Perspectives

Foreign currency exchange accounting implications of recent government actions in Venezuela

Financial Reporting Alert 15-1

This alert discusses considerations related to accounting and disclosures under U.S. GAAP in connection with recent changes to the foreign currency exchange environment in Venezuela.

Background

Until recently, an entity may have been able to convert Venezuelan bolivar fuertes (BsF) to U.S. dollars (USD) at one of three legal exchange rates:

  • CENCOEX (official rate) — The Venezuelan National Center for Foreign Commerce (CENCOEX) controlled the sale and purchase of foreign currency in Venezuela and set an official exchange rate of 6.3 BsF to 1 USD (the “official rate”) that would be available for purchases of certain essential items, such as medicines.
  • CENCOEX (latest published SICAD 1 rate) — The Venezuelan government authorized certain companies that operate in designated industry sectors to exchange a limited volume of bolivars for dollars at a bid rate established via periodic auctions under the Complementary System of Foreign Currency Acquirement (“SICAD 1”). The SICAD 1 rate has approximated 12 BsF to 1 USD throughout the year. Entities have been able to transact on the basis of approval by CENCOEX at the latest published SICAD 1 rate depending on their facts and circumstances.
  • SICAD 1 auction (SICAD 1 rate) — A second mechanism by which to obtain the SICAD 1 rate is directly via periodic auctions.
  • SICAD 2 auction (SICAD 2 rate) — The SICAD 2 exchange rate approximated 50 BsF to 1 USD during 2014 and was also established on the basis of an auction process.

The Marginal Currency System (Simadi) mechanism commenced operations on February 12, 2015, and was implemented as part of a law (Convenio No. 33), resulting in the elimination of the SICAD 2 rate. The Simadi rate is derived from daily private bidders and buyers exchanging offers through authorized agents and approved and published by the Venezuelan Central Bank. The Simadi exchange rate was quoted at 174 BsF to 1 USD on February 13, 2015; increased to approximately 188 BsF by mid-March; and closed at 193 BsF on March 31, 2015.

Accounting Considerations

In a recent, informal discussion, the SEC staff reaffirmed factors that registrants should consider in selecting the exchange rate(s) to use for remeasurement or in assessing whether deconsolidation of a Venezuelan subsidiary is warranted. The staff reiterated that:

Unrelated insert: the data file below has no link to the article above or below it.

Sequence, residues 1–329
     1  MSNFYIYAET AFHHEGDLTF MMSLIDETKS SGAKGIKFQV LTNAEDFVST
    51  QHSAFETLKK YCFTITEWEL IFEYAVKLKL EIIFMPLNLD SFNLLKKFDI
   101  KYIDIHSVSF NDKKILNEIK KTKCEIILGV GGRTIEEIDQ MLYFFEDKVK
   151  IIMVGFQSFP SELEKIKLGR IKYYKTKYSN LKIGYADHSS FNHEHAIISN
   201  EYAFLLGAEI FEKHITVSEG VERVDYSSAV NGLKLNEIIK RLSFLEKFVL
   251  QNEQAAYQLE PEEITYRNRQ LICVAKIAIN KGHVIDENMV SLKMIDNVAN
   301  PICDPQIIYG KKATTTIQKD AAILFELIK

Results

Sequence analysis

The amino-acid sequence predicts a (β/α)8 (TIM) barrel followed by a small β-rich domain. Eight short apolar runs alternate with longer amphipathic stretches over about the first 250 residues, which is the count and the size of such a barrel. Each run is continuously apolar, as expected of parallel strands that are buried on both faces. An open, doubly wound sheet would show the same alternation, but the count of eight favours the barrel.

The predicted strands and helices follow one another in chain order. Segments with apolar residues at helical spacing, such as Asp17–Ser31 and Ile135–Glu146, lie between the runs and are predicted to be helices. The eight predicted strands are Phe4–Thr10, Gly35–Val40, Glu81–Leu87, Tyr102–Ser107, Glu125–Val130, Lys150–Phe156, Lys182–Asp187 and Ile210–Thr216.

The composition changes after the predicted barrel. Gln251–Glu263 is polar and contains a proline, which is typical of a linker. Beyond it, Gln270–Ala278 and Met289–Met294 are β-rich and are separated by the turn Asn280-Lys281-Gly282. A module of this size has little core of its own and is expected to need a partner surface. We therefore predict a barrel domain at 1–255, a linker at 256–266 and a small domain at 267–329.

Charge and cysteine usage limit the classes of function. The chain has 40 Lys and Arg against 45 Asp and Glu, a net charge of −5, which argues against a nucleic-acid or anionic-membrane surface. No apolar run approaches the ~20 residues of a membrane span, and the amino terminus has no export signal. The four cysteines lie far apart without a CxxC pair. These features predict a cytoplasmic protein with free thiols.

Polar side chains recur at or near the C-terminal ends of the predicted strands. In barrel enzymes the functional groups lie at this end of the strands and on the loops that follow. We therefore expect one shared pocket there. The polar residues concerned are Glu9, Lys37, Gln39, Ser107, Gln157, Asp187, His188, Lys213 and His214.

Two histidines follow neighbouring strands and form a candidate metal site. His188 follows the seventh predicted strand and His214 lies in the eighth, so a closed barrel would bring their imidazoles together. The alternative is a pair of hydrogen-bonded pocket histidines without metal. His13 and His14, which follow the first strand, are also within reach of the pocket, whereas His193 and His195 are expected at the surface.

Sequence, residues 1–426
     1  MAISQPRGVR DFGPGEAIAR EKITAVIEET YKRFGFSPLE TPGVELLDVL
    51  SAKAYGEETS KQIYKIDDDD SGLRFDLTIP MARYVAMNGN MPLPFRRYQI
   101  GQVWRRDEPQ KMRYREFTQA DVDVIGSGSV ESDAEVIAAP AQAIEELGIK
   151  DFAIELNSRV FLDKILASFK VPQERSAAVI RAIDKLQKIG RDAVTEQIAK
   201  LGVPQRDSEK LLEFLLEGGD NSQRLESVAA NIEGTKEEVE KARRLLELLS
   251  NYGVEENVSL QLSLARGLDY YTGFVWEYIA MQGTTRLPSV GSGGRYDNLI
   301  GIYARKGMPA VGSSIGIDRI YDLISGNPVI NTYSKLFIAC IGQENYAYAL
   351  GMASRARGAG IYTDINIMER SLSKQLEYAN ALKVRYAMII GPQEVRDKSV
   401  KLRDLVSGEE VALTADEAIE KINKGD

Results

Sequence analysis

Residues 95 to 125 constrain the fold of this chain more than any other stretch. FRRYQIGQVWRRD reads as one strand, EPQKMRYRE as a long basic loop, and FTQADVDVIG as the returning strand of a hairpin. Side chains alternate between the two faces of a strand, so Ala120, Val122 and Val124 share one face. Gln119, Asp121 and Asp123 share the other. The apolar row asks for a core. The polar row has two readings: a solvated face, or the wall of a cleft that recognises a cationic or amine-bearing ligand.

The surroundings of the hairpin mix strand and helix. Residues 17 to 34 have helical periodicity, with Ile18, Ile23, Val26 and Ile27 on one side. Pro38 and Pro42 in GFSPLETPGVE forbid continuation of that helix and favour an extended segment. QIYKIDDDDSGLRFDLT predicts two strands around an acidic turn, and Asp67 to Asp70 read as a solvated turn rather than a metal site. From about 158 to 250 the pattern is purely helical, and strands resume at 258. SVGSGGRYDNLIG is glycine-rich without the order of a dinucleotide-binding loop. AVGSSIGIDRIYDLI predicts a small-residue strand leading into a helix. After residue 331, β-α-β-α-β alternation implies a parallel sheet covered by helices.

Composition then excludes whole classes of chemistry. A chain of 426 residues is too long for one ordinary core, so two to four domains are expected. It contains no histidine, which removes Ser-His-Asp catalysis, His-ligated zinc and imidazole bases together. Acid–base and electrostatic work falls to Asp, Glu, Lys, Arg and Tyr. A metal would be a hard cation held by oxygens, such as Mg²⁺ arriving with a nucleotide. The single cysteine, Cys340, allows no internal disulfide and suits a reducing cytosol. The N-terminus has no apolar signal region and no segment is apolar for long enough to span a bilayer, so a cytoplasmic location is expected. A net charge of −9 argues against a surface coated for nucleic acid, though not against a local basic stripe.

• A registrant must exercise judgment when determining the exchange rate(s) that should be used to remeasure its BsF-denominated balances. That judgment should be based on the registrant’s specific facts and circumstances.
  • In U.S. GAAP, there is no support for use of a rebuttable presumption under which registrants should remeasure foreign currency monetary assets/liabilities by using the least favorable legal exchange rate (i.e., Simadi rate) when multiple legal exchange rates exist.
  • A registrant that previously used the SICAD 2 rate to remeasure its BsF-denominated monetary assets/liabilities in prior periods should (1) consider all of the recent changes in the Venezuelan foreign exchange mechanisms and (2) consistently apply its rate selection approach (e.g., in the absence of any change in its specific facts or circumstances, if a registrant previously determined that it would be unable to use the official or SICAD 1 rates for remeasurement, it would generally be expected to reach the same conclusion in the new exchange environment, resulting in the use of the Simadi rate for remeasurement).
  • Depending on facts and circumstances, it may be appropriate for a registrant to use multiple exchange rates for remeasurement.
  • Registrants should continue to assess whether it is appropriate to continue consolidating their Venezuelan operations in accordance with ASC 810-10-15-10(a)(1)(iii) and ASC 830-20-30-2.1
  • Registrants with material Venezuelan operations should continue to provide transparent disclosures regarding the items described above.

Regardless of the rate selected, registrants should continue to maintain documentation of their rate selection analysis as well as the relevant facts and circumstances they considered in applying their judgment in selecting an appropriate exchange rate or rates.

Because of the ongoing complexity of accounting and disclosure issues related to the exchange rate environment in Venezuela, we encourage entities with material Venezuelan operations to continue to consult with their accounting advisers and legal counsel.

For a comprehensive discussion of the concepts related to accounting and disclosures under U.S. GAAP in connection with the foreign currency exchange environment in Venezuela, see Financial Reporting Alert 14-1. For a discussion of consolidation considerations related to Venezuelan operations, see Financial Reporting Alert 14-5. Such concepts are still applicable in the current Venezuelan foreign exchange environment.

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